IN THE CONTINENT OF EUROPE, last Tuesday was kept as the feast day of two of the six patron saints of Europe, the brothers Cyril and Methodius. Because of the popularity and growing commercialisation of St Valentine’s day, (who is not in the Church calendar anyway because the facts about his life are so uncertain), you have to work hard to get people to realise the importance of the two 9th century evangelisers of eastern Europe; but work hard we must.

We owe their place in the calendar in Europe to the great St John Paul II who added them as patron saints of the continent in 1980, not long after he became pope (until then the only one had been St Benedict, so named by Blessed Paul VI in the sixties; John Paul added three more women patrons in 1999). As one would expect he was conscious of the need to help people realise that Europe is not simply western Europe but eastern Europe too, at that time largely behind the ‘iron curtain’ – the Pope constantly spoke of the need for Europe to breathe ’with both lungs’. Part of this message was therefore about European unity at a time when the continent seemed hopelessly divided. For the Catholic Church, of course, this unity rests primarily on our common Christian identity and heritage and on the Church’s message of peace and reconciliation between peoples.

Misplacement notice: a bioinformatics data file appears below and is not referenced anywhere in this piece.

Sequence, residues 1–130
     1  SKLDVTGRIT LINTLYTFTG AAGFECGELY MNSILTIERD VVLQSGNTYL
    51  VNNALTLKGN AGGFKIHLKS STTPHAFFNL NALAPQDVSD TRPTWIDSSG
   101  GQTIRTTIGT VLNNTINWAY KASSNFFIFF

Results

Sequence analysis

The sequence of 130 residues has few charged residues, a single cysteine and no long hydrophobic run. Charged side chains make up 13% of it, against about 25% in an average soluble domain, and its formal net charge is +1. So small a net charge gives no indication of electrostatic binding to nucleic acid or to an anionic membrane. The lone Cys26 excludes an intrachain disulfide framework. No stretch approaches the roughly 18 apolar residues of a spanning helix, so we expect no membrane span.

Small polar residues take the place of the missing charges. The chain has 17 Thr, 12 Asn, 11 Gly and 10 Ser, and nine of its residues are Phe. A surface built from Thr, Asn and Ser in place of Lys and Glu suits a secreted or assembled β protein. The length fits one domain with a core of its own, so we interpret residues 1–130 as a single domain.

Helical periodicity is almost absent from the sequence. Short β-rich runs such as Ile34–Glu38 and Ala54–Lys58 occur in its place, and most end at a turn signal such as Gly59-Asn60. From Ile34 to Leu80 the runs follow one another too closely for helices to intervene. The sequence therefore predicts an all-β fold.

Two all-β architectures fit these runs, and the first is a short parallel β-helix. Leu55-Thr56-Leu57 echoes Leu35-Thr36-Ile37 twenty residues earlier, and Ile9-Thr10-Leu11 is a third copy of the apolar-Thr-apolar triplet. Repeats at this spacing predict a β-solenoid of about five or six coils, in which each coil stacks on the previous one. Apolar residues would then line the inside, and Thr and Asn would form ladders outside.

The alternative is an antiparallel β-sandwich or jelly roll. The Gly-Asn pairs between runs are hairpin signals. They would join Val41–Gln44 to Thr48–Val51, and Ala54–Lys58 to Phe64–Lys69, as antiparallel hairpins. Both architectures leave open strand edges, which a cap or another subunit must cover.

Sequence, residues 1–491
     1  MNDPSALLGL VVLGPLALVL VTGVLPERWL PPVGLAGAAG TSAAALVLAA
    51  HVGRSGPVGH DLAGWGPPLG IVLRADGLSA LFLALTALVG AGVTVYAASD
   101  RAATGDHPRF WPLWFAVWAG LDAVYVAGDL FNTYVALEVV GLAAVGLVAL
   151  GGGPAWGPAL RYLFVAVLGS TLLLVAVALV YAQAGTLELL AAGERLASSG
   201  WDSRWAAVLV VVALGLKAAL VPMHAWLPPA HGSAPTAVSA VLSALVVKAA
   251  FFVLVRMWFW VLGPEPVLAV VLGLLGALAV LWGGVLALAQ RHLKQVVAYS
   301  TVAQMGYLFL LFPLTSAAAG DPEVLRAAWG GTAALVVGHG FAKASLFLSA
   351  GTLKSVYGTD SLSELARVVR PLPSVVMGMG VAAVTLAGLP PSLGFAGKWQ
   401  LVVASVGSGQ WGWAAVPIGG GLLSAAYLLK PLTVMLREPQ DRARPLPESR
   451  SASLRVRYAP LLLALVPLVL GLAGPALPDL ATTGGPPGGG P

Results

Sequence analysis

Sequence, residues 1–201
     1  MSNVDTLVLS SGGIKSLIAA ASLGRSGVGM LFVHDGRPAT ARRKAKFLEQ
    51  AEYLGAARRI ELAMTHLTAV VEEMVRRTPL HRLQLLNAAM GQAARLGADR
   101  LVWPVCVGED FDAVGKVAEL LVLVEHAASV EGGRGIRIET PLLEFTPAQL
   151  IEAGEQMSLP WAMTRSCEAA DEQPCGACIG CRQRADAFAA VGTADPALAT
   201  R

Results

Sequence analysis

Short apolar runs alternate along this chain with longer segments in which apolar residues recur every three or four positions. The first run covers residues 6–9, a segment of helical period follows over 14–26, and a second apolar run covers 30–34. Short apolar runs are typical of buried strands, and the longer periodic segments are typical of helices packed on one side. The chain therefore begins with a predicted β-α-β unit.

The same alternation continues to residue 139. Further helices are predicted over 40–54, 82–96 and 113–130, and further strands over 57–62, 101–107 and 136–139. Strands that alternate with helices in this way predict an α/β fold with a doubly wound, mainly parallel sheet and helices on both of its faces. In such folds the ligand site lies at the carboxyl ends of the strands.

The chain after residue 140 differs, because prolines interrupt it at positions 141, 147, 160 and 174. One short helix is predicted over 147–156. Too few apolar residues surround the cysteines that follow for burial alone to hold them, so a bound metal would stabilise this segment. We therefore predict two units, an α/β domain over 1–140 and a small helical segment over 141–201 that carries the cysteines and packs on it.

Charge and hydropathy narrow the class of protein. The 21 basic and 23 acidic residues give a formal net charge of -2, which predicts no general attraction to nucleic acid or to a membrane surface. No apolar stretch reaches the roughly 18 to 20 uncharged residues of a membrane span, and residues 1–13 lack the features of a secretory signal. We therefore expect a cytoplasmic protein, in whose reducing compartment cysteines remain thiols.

The brothers Cyril and Methodius worked tirelessly in the 9th century to bring the Christian message to much of eastern Europe, including the countries that are now Bulgaria (where the two saints are particularly important), the Czech Republic, Slovakia and Hungary. Both were monks; Methodius was also made a bishop. One of Cyril’s priorities was to enable people to read the Bible and the Church’s liturgy in their own languages so he devised a new alphabet, an ingenious combination of the Latin and Greek alphabets, to make this easier, still called the Cyrillic alphabet after him, and used today in the Russian Federation and some other eastern European countries: in the picture on the left he is shown holding the alphabet.

When the countries of eastern Europe joined the European Union in 2004 this move was wholeheartedly welcomed by the Catholic Church in Europe at all levels – among other things our bishops in this country issued a special statement, and in this parish we ran a series of information evenings about the different countries concerned. This response was part of the Church’s continuing commitment to European unity, integration and reconciliation, inspired by the place of Saints Cyril and Methodius as patron saints of Europe.

Thirteen years later things look rather bleak, but the Christian message remains constant. Flag-waving nationalism is strong, thanks to the power of the Evil One – not only here but elsewhere in Europe, including the lands which Cyril and Methodius evangelised (particularly Hungary). We commend the whole of Europe to their prayers; we should also pray in particular for people from eastern Europe here who are worried about their future, and think about how we can support them.